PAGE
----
Our family is in the planning stages of building a home. Since we remodeled our current home a few years ago, we have half an idea of what to expect. We are sure it will be exciting, but equally overwhelming. Every day a contractor will come to the job with the tools needed to perform his work. With the right tool and the skill to use it, they can create something lasting and beautiful.


Mormon FamilyThe actual building work is horribly messy and loud. We know that we’ll step through danger zones, climb over piles of material, and walk through dust-covered rooms to see bits of progress here and there. The buzz of the saw or pounding of the hammer is usually constant. There will be mistakes that will have to be corrected, pulled out, and re-built. Delays are inevitable and most projects wind up behind schedule and over-budget. From a shell, the home slowly begins to take shape. If it is constructed with solid materials using the right tools and the right skills, the finished product can be a masterpiece.


Church leadership in The Church of Jesus Christ of Latter-Day Saints wrote a “Proclamation To the World” several years ago about the family to state the importance of this sacred responsibility:


“Husband and wife have a solemn responsibility to love and care for each other and for their children. ‘Children are an heritage of the Lord’ (Psalms 127:3). Parents have a sacred duty to rear their children in love and righteousness, to provide for their physical and spiritual needs, to teach them to love and serve one another, to observe the commandments of God and to be law-abiding citizens wherever they live. Husbands and wives—mothers and fathers—will be held accountable before God for the discharge of these obligations.”


As “builders,” Mom and Dad each have jobs to do but may need different tools and different skills to build their part of the structure.


“By divine design, fathers are to preside over their families in love and righteousness and are responsible to provide the necessities of life and protection for their families. Mothers are primarily responsible for the nurture of their children. In these sacred responsibilities, fathers and mothers are obligated to help one another as equal partners. Disability, death, or other circumstances may necessitate individual adaptation. Extended families should lend support when needed.”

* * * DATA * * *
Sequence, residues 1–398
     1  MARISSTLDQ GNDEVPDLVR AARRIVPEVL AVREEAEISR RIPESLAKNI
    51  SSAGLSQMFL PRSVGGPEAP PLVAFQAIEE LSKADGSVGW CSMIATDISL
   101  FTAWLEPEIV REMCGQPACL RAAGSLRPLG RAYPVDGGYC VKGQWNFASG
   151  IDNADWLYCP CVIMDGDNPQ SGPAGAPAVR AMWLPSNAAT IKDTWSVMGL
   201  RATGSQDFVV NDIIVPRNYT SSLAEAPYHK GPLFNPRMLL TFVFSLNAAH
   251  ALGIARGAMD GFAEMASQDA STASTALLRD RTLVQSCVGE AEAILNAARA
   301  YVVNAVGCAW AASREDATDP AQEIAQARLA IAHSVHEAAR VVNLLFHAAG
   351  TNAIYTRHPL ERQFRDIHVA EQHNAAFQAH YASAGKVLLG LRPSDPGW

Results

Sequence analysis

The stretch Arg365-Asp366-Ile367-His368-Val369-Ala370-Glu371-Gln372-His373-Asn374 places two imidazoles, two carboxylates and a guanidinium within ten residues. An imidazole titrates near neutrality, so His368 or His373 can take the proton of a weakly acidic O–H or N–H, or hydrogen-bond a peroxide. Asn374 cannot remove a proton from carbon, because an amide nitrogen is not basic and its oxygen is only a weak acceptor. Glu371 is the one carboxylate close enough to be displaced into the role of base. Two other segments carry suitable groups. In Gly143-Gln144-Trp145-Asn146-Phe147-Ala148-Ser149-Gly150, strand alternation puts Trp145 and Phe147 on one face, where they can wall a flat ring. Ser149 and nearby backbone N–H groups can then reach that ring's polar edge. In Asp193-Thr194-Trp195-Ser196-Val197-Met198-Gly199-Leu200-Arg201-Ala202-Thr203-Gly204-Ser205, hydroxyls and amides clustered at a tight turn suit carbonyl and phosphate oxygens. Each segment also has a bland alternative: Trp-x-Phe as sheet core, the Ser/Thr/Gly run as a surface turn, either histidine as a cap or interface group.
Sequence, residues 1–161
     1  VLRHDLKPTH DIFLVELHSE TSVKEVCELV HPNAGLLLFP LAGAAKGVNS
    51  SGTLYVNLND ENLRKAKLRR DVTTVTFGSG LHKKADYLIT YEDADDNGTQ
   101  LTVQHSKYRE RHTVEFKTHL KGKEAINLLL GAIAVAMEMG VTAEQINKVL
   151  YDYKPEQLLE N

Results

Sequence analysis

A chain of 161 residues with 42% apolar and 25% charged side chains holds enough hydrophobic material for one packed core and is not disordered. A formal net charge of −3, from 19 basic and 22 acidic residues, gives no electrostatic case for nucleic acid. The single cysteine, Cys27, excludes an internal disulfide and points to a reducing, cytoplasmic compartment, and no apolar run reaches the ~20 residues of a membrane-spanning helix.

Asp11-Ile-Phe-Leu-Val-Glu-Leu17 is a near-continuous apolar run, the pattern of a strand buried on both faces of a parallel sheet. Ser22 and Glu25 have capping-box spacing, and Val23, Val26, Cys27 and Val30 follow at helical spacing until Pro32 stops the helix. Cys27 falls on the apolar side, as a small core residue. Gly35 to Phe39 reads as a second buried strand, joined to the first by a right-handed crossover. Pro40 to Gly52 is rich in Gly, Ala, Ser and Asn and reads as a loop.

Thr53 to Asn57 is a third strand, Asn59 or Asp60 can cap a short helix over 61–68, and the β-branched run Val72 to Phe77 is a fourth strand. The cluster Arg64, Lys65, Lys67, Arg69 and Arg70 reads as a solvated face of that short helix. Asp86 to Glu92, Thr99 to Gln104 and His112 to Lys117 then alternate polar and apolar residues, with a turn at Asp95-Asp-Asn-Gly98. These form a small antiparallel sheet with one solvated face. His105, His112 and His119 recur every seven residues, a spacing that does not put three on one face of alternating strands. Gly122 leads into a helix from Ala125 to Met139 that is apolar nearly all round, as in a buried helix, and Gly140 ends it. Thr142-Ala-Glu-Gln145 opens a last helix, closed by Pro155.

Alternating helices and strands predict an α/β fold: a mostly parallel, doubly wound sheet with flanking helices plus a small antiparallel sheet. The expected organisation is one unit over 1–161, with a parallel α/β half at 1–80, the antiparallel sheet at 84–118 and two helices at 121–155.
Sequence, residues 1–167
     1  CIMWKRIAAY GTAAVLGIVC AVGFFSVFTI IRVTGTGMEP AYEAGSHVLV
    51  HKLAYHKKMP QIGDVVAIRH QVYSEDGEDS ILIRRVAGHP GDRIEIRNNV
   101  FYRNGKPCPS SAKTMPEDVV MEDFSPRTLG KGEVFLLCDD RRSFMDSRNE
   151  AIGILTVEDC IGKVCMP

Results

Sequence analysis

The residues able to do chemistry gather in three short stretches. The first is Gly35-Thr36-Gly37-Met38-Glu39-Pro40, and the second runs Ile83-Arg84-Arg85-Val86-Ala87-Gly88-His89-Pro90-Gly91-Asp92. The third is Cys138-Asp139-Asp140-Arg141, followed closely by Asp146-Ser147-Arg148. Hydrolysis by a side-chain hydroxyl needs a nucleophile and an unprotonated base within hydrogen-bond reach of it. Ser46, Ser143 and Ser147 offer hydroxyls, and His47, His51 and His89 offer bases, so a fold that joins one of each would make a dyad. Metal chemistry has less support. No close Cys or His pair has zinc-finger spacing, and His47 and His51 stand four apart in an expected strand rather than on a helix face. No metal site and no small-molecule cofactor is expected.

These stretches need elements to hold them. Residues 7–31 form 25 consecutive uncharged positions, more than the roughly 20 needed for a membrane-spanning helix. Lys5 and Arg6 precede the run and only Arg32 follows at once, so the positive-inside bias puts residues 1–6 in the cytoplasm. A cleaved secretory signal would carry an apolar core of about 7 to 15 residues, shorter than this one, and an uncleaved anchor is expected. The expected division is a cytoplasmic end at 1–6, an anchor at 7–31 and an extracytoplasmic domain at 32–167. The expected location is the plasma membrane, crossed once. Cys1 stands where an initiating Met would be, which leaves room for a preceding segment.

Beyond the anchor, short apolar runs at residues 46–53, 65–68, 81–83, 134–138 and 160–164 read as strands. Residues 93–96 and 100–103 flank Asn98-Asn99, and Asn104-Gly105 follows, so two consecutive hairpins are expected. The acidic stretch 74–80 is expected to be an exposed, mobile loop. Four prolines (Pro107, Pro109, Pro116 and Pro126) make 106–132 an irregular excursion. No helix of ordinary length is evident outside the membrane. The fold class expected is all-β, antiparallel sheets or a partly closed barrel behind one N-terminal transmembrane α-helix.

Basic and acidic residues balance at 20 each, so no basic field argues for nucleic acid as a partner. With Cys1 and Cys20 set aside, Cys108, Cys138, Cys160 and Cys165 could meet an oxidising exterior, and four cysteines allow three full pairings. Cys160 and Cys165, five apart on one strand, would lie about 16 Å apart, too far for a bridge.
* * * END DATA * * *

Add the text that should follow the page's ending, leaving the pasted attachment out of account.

So how do Mom and Dad get the right tools and the skill to use them?


I can’t speak for the fathers, but being a mother, I know that I am in great need of certain tools: I need the tool of teaching, listening, and evaluating progress. I need the tool of increased patience, and an understanding of what motivates a toddler or teenager. I need the ability to correct someone while ensuring they know they are loved. I need to know when to get involved and when to pull back. I need the tool of good example, because all eyes in the home are watching—all the time! I need a selfless heart, ready to support and lift others. I know that I’ll need to use a different tool with a different child.


No matter what your background, every parent has gaps in their parenting abilities. There will always be a tool or skill I am missing and know I need, but don’t have. Whether we had great parental mentoring or none at all, we are always learning new things as parents.


In my search, I’ve found that one of the best resources to gain the tools and skills for this construction project are the scriptures. In the words of Henry B. Eyring:


“Often the answers will come as you study the scriptures. They contain accounts of what the Lord did in His mortal ministry and the guidance He has given His servants. They have doctrine in them which will apply in every time and every situation. Pondering the scriptures will lead you to ask the right questions in prayer. And just as surely as the heavens were opened to Joseph Smith after he pondered the scriptures in faith, God will answer your prayers and He will lead you by the hand” (Henry B. Eyring, “Rise to Your Call,” October 2002).


Our learning as parents is “line upon line, precept upon precept.” We don’t learn it in a day, but over a long period of time and usually through hard experience!


Another way to add to our toolset is prayer. A mother I know was having trouble with her teenage son. She was out of ideas and didn’t know what else to do. She prayed about it and her answer was a complete surprise. She was counseled through prayer to be nice to his friends — to talk to them when they came over and feed them when her son was entertaining them at her house. She said it was something she would have never thought of, but tried it. Because she built the relationship with her son’s friends, she strengthened the relationship with her son. This simple piece of counsel solved her problem.


The construction of a human life is indeed messy, hard work. In this hard-hat area we call family life, we may need to reframe something that we’ve built that is unstable. We will have to be careful where we step. It will take time to step back and see the frame slowly take shape. We will need to periodically check the blueprints and renderings to remind ourselves what the finished product should look like, and that it is worth the expense in time and sacrifice.


Our Creator has given us the grand opportunity to help create and build this human life. We are starting with first-rate materials! He will surely support us in the worthy work of caring for His spirit children. In the end, our foundation can be strong and our tools and skills ready for the task at hand. With His help and endowed with this miraculous power, mothers and fathers will have helped to construct a living masterpiece.

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